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Choosing tasks at an appropriate level of difficulty

As experienced teachers know and as research has confirmed, students are most likely to engage with learning when tasks are of moderate difficulty, neither too easy nor too hard and therefore neither boring nor frustrating (Britt, 2005). Finding the right level of difficulty, however, can be a challenge if you have little experience teaching a particular grade level or curriculum, or even if students are simply new to you and their abilities unknown. Whether familiar or not, members of any class are likely to have diverse skills and readiness–a fact that makes it challenging to determine what level of difficulty is appropriate. A common strategy for dealing with these challenges is to begin units, lessons, or projects with tasks that are relatively easy and familiar. Then, introduce more difficult material or tasks gradually until students seem challenged, but not overwhelmed. Following this strategy gives the teacher a chance to observe and diagnose students’ learning needs before adjusting content, and it gives students a chance to orient themselves to the teacher’s expectations, teaching style, and topic of study without becoming frustrated prematurely. Later in a unit, lesson, or project, students seem better able to deal with more difficult tasks or content (Van Merrionboer, 2003). The principle seems to help as well with “authentic” learning tasks—ones that resemble real-world activities, such as learning to drive an automobile or to cook a meal, and that present a variety of complex tasks simultaneously. Even in those cases it helps to isolate and focus on the simplest subtasks first (such as “put the key in the ignition”) and move to harder tasks only later (such as parallel parking).

Sequencing instruction is only a partial solution to finding the best “level” of difficulty, however, because it does not deal with enduring individual differences among students. The fundamental challenge to teachers is to individualize or differentiate instruction fully: to tailor it not only to the class as a group, but to the lasting differences among members of the class. One way to approach this sort of diversity, obviously, is to plan different content or activities for different students or groups of students. While one group works on Task A, another group works on Task B; one group works on relatively easy math problems, for example, while another works on harder ones. Differentiating instruction in this way complicates a teacher’s job, but it can be done, and has in fact been done by many teachers (it also makes teaching more interesting!). In the next chapter, we describe some classroom management strategies that help with such multi-tasking.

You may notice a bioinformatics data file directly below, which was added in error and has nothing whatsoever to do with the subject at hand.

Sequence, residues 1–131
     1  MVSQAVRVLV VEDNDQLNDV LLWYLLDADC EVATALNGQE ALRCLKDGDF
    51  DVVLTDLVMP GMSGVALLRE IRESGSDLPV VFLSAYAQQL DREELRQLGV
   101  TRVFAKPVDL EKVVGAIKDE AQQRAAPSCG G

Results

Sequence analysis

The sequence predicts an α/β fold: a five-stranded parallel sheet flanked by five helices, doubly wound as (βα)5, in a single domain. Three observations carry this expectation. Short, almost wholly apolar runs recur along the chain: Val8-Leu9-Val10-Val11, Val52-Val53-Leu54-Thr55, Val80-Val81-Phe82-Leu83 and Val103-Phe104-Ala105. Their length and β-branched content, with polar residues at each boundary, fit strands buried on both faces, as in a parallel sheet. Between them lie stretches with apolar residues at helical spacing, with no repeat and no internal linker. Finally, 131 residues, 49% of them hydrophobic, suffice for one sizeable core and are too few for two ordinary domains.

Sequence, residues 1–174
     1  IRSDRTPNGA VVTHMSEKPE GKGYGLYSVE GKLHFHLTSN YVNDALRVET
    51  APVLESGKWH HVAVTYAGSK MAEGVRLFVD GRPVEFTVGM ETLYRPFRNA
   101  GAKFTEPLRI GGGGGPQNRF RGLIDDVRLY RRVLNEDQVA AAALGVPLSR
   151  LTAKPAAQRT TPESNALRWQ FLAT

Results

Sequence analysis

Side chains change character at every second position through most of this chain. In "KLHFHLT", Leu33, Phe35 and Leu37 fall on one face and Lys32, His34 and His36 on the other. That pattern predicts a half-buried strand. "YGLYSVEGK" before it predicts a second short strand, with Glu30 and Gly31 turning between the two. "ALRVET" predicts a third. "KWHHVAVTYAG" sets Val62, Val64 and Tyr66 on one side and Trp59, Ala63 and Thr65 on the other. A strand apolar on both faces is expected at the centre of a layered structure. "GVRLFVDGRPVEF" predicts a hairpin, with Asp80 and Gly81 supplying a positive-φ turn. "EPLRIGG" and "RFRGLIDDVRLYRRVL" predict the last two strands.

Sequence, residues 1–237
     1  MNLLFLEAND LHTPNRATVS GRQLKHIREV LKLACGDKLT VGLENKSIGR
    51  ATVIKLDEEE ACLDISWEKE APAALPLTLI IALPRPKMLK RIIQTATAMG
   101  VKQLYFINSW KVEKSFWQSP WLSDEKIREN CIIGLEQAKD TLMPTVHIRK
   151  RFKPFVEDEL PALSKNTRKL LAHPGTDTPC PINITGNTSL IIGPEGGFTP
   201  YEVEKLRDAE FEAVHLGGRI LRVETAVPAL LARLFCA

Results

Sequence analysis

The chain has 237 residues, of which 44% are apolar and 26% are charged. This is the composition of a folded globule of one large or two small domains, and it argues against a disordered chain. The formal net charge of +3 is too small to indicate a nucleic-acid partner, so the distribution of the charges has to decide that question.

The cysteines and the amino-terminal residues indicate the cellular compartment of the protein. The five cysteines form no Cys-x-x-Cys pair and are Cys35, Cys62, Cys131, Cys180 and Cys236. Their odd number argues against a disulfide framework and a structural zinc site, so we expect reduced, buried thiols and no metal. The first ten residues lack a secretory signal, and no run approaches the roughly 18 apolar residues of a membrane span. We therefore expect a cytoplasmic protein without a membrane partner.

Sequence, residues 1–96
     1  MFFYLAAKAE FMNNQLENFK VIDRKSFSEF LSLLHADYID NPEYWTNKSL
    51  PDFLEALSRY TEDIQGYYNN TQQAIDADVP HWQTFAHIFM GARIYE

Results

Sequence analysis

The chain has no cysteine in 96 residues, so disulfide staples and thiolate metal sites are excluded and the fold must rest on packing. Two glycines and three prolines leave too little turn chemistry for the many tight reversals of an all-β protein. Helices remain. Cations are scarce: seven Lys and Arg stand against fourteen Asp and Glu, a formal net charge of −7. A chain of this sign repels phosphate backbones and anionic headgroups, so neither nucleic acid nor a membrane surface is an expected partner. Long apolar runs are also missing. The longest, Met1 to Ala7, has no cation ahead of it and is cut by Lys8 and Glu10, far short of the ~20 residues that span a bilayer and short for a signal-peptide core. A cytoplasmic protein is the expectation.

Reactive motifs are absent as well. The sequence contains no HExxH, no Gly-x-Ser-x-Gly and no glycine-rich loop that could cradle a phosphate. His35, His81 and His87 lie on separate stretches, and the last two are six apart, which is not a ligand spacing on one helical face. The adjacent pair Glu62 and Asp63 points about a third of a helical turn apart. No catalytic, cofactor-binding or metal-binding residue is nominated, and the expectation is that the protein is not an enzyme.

Providing moderate amounts of structure and detail

Chances are that at some point in your educational career you have wished that a teacher would clarify or explain an assignment more fully, and perhaps give it a clearer structure or organization. Students’ desire for clarity is especially common with assignments that are by nature open-ended, such as long essays, large projects, or creative works. Simply being told to “write an essay critiquing the novel”, for example, leaves more room for uncertainty (and worry) than being given guidelines about what questions the essay should address, what topics or parts it should have, and what its length or style should be (Chesebro, 2003). As you might suspect, some students desire clarity more than others, and improve their performance especially much when provided with plenty of structure and clarity. Students with certain kinds of learning difficulties, in particular, often learn effectively and stay on task only if provided with somewhat explicit, detailed instructions about the tasks expected of them (Marks, et al., 2003).

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Source:  OpenStax, Educational psychology. OpenStax CNX. May 11, 2011 Download for free at http://cnx.org/content/col11302/1.2
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